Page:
In a romance, the characters are getting along more than they were before.
- Turning Point Four: Major Setback (at the 75% mark)
An “all is lost” event occurs. This event can be result of the character getting scared and retreating, or it can cause the character to retreat. The character attempts to hide behind their mask again. Often a sidekick character will point out how they’re stuck.
In a romance, something happens to make it appear as though the characters can’t be together.
- Stage Five: Final Push
The character returns to their essence, which lets them “earn” their success.
In a romance, the characters try to figure out a way to make things work between them. They’ve accepted that they don’t want to live without this person anymore.
- Turning Point Five: Climax (around the 90-99% mark)
The character must face their fear one final time. The character’s wound, false belief, and/or fear should make another appearance here.
In a romance, the fear should threaten the relationship.
- Stage Six: Aftermath
The character is now transformed and the reader gets a glimpse of their new post-journey life.
In a romance, the characters are together and happy for the foreseeable future. This is the “Happily Ever After” (or at least a “Happily For Now”) ending.
Spreadsheets to the Rescue!
Whew, that’s a lot of information. But after the “fun” I had creating the Story Engineering spreadsheet based off Larry Brooks’s work, I decided to create another spreadsheet to go with Michael Hauge’s teachings. (Yes, I’m apparently a glutton for punishment. *smile*)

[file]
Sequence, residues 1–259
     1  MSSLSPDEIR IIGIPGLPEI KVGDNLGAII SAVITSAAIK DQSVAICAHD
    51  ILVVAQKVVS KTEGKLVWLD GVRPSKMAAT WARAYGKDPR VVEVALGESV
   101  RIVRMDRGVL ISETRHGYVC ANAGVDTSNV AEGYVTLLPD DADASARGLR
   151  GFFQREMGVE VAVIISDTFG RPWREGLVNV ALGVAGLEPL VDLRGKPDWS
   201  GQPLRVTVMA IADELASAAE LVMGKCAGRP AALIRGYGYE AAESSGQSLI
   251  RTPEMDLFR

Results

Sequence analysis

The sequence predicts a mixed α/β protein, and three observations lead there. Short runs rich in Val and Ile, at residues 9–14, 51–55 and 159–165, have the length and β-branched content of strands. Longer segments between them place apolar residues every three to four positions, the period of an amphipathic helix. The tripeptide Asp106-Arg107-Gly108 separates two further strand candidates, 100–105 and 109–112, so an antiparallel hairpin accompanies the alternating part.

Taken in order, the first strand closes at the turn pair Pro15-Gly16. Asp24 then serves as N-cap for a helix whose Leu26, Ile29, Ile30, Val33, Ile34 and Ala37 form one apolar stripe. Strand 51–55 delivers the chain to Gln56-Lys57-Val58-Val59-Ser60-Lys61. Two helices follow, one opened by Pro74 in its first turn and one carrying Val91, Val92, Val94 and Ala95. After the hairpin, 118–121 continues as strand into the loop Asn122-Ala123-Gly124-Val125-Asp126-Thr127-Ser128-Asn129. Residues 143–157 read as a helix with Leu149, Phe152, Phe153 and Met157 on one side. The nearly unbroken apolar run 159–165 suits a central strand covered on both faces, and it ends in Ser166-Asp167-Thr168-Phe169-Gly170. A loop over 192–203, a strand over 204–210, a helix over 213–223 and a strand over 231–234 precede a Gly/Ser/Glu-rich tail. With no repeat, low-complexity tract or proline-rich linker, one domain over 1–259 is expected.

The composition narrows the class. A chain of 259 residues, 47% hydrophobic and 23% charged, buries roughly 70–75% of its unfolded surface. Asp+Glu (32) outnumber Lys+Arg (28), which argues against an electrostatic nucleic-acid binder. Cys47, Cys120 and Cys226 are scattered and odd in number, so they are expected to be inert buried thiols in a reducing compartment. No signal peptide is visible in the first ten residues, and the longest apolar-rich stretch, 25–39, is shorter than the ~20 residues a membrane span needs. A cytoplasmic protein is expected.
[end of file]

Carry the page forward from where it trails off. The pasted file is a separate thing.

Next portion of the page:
This spreadsheet takes the percentages Michael recommended for each of those stages and turning points and converts them to page numbers and word count.
(Click through to view a larger image)
Six Stage Plot Structure – Adapted from Michael Hauge (Excel ’07 Version .xlsx) by Jami Gold. (Click through to download .xlsx version.)
Six Stage Plot Structure – Adapted from Michael Hauge (Excel Earlier Version .xls) by Jami Gold. (Click through to download .xls version.)
Together with the understanding we discussed about how to show that flip-flopping from identity to essence, we can ensure the relationships in our stories are escalating and hitting the right turning points at the right time.
Already I can see that my most recently completed and revised (and written by the seat of my pants) novel follows this structure. Yay! But my new work in progress that I’ve started drafting needs some work in this regard. *sigh* (Actually, since I knew the character arcs of that story had issues, I’m excited to dig into this and see if I can solve the problem—before getting too far into the story.)
Even though I’m mostly a pantser, I still love understanding the structure behind the scenes. However, most story structure methods focus more on the external plot events and a character’s outer motivation. This is a great way to gain insight into our character’s inner journey.
P.S. Obviously, after three posts about this workshop, I think Michael Hauge is amazing, and I’d even go to this same workshop again. Other than the names of the inner journey elements, stages/turning points, and the percentage marks, the information in these posts came from my notes of what I picked up from his teachings and/or my own insights triggered by his words. I’m sure if I attended again, I’d write another four pages of notes. *smile* I hope everyone gets a chance to attend a workshop of his at some point.
What do you think of how Michael combines the inner journey and the outer plot events? Do you have stories that fit this structure? Do you have stories that don’t? Will this be helpful to you in fixing inner journeys gone wrong? Do you have any questions about how to apply this information?Pin It